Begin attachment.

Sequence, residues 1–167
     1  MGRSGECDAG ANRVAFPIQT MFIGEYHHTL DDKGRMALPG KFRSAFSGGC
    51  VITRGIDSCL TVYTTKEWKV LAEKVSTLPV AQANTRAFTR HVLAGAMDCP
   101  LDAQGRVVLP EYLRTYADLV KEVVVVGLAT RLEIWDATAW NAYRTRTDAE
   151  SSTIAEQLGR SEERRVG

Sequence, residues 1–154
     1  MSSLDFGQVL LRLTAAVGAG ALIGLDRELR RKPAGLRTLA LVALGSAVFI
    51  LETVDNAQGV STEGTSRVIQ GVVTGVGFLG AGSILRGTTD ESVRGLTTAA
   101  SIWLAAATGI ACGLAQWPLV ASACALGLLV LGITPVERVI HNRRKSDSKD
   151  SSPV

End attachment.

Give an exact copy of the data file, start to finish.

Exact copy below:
Sequence, residues 1–167
     1  MGRSGECDAG ANRVAFPIQT MFIGEYHHTL DDKGRMALPG KFRSAFSGGC
    51  VITRGIDSCL TVYTTKEWKV LAEKVSTLPV AQANTRAFTR HVLAGAMDCP
   101  LDAQGRVVLP EYLRTYADLV KEVVVVGLAT RLEIWDATAW NAYRTRTDAE
   151  SSTIAEQLGR SEERRVG

Sequence, residues 1–154
     1  MSSLDFGQVL LRLTAAVGAG ALIGLDRELR RKPAGLRTLA LVALGSAVFI
    51  LETVDNAQGV STEGTSRVIQ GVVTGVGFLG AGSILRGTTD ESVRGLTTAA
   101  SIWLAAATGI ACGLAQWPLV ASACALGLLV LGITPVERVI HNRRKSDSKD
   151  SSPV